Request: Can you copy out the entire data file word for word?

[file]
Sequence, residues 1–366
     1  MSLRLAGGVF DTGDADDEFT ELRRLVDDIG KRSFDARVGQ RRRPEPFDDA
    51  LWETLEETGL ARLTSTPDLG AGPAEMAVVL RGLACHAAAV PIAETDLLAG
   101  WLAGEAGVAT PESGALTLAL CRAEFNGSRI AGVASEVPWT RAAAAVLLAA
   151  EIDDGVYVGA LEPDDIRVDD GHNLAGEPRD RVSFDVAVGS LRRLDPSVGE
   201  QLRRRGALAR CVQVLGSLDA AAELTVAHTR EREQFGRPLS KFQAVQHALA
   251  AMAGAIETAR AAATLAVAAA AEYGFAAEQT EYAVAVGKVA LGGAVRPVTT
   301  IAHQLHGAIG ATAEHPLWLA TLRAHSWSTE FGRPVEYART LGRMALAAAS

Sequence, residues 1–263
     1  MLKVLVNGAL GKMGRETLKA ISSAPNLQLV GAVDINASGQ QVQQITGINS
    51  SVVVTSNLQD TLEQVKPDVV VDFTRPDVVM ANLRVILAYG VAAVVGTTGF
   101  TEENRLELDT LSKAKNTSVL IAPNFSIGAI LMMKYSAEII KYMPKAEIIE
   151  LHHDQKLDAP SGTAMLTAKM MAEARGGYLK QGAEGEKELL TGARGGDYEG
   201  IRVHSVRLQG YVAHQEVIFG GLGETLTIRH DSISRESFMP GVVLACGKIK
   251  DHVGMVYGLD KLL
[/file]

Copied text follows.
Sequence, residues 1–366
     1  MSLRLAGGVF DTGDADDEFT ELRRLVDDIG KRSFDARVGQ RRRPEPFDDA
    51  LWETLEETGL ARLTSTPDLG AGPAEMAVVL RGLACHAAAV PIAETDLLAG
   101  WLAGEAGVAT PESGALTLAL CRAEFNGSRI AGVASEVPWT RAAAAVLLAA
   151  EIDDGVYVGA LEPDDIRVDD GHNLAGEPRD RVSFDVAVGS LRRLDPSVGE
   201  QLRRRGALAR CVQVLGSLDA AAELTVAHTR EREQFGRPLS KFQAVQHALA
   251  AMAGAIETAR AAATLAVAAA AEYGFAAEQT EYAVAVGKVA LGGAVRPVTT
   301  IAHQLHGAIG ATAEHPLWLA TLRAHSWSTE FGRPVEYART LGRMALAAAS

Sequence, residues 1–263
     1  MLKVLVNGAL GKMGRETLKA ISSAPNLQLV GAVDINASGQ QVQQITGINS
    51  SVVVTSNLQD TLEQVKPDVV VDFTRPDVVM ANLRVILAYG VAAVVGTTGF
   101  TEENRLELDT LSKAKNTSVL IAPNFSIGAI LMMKYSAEII KYMPKAEIIE
   151  LHHDQKLDAP SGTAMLTAKM MAEARGGYLK QGAEGEKELL TGARGGDYEG
   201  IRVHSVRLQG YVAHQEVIFG GLGETLTIRH DSISRESFMP GVVLACGKIK
   251  DHVGMVYGLD KLL